A Heroic Legacy

Back down to a quartet after Weston’s departure, Fleetwood Mac was, briefly,  Welch’s vehicle on Heroes Are Hard to Find – he wrote all but three  songs on the record, the band’s first Top 40 album and a durable, appealing  bridge to the next era. “She’s Changing Me” was sparkling, upbeat folk-rock,  while Welch paid tribute to Peter Green’s progressive-blues vision in the  first-period Mac with the final track “Safe Harbor.” Ironically, Welch’s exit  after Heroes opened the way for Buckingham and Nicks and the long  eclipse of his own contributions to the band and its survival in its most dire  years. (There was more fallout later; Welch sued Fleetwood and the McVies in  1994 over royalties from these five albums. The suit was settled in 1996.)

But Welch, who was not included in Fleetwood Mac’s 1998 induction into the  Rock and Roll Hall of Fame, was a vital member of the band when that was one of  the toughest gigs in rock. His music and history with the Mac are an imperfect  legacy. But it is one that should be available everywhere – and heard.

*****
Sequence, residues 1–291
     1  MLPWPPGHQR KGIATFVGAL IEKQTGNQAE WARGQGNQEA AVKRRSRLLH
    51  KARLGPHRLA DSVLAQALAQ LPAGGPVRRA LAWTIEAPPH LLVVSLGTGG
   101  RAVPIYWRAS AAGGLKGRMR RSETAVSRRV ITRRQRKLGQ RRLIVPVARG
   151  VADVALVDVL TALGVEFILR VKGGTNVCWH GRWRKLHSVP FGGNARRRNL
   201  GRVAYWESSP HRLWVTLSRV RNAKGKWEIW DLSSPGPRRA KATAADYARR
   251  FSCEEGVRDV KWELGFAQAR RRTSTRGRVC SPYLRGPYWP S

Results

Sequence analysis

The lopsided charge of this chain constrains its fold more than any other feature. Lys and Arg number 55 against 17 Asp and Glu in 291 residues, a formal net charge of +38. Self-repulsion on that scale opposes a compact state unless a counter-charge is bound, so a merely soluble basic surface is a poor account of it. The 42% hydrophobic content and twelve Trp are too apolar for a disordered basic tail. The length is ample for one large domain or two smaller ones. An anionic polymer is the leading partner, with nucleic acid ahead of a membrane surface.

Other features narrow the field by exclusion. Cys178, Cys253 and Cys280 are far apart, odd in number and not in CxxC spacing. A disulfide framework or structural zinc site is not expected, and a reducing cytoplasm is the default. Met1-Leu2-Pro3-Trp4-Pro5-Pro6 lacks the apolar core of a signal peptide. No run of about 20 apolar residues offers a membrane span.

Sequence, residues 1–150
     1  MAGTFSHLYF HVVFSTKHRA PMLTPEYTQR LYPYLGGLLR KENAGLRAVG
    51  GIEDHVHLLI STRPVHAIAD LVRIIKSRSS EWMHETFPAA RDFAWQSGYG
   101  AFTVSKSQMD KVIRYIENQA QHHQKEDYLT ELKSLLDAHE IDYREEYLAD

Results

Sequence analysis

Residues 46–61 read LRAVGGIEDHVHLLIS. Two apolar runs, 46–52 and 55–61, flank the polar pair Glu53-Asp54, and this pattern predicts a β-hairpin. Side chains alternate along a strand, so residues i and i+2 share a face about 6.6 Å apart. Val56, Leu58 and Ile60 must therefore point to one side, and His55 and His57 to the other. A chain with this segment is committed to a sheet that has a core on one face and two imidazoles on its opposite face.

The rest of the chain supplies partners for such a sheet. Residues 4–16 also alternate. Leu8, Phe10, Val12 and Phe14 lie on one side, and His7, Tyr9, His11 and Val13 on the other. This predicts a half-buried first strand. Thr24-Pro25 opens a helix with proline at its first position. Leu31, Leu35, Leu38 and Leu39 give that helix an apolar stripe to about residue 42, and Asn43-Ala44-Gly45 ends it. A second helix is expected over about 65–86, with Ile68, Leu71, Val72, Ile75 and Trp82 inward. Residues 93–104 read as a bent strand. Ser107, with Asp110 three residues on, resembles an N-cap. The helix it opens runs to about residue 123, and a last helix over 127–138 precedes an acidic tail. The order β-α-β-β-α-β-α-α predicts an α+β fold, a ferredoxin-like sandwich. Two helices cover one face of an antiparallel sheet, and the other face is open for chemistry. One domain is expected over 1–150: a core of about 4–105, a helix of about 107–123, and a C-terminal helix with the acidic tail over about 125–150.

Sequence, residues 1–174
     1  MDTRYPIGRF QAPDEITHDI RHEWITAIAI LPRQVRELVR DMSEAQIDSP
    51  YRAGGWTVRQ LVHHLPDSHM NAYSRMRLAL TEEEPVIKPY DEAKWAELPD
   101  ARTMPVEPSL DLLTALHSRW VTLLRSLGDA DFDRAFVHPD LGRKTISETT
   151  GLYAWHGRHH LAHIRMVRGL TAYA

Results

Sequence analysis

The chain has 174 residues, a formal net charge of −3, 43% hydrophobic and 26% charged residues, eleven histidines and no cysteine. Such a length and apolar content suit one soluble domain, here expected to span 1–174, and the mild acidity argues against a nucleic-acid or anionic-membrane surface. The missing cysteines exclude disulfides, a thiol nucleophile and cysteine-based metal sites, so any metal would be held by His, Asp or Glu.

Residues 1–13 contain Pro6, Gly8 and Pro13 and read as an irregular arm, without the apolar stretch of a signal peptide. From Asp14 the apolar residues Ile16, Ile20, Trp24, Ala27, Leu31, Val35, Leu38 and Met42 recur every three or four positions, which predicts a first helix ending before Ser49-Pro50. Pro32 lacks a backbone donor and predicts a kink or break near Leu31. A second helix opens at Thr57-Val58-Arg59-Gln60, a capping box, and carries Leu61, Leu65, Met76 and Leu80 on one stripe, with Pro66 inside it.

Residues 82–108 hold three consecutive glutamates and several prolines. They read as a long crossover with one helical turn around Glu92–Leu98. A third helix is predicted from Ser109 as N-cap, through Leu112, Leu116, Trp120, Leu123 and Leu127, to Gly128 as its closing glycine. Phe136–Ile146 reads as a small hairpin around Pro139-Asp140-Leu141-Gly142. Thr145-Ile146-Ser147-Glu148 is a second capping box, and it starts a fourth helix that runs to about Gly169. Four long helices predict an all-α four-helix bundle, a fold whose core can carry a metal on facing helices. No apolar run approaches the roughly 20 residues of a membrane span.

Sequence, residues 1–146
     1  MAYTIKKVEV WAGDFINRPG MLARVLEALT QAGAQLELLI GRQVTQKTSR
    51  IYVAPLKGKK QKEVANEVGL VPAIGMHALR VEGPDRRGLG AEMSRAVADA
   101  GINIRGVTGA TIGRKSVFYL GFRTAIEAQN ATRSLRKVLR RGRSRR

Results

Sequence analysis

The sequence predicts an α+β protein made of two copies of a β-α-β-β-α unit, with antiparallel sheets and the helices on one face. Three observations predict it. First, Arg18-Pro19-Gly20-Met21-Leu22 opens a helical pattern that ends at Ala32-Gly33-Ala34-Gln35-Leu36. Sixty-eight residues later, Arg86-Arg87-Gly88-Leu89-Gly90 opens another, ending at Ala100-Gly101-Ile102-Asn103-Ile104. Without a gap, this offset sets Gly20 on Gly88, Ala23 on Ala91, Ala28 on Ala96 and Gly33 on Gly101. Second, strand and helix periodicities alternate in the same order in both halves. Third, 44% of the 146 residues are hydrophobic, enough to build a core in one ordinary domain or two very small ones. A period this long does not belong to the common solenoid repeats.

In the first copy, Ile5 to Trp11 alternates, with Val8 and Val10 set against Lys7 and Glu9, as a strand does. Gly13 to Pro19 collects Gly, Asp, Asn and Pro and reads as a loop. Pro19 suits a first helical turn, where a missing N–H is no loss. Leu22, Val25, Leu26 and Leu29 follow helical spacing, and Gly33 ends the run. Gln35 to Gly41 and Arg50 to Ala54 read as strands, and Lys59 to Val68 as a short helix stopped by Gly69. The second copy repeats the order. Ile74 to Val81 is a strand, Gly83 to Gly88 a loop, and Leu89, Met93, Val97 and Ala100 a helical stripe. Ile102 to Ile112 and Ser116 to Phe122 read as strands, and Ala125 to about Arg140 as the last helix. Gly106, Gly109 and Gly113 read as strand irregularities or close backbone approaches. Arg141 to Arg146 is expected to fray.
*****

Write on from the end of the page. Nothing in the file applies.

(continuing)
Heroes Are Hard to Find   Bare Trees Mystery to Me  Penguin

Songs You May Have Missed #48


Fleetwood Mac: “Farmer’s Daughter” (1979)

Originally written by Brian Wilson and Mike Love and appearing on the Beach Boys’ 1963 Surfin’ U.S.A. album, “Farmer’s Daughter” was resurrected by Fleetwood Mac as a concert encore and is an exquisite showcase for their harmonies. Lindsay Buckingham even duplicates Carl Wilson’s chugging guitar sound. A live version, recorded at Santa Monica Civic Auditorium in front of crew and a few friends during the Tusk tour, was actually released as a single but did not chart. This version, from the reissued Tusk album’s bonus disc, is a little cleaner-sounding, although the live recording is pretty flawless itself.

Glad to help you plow your fields.” Indeed.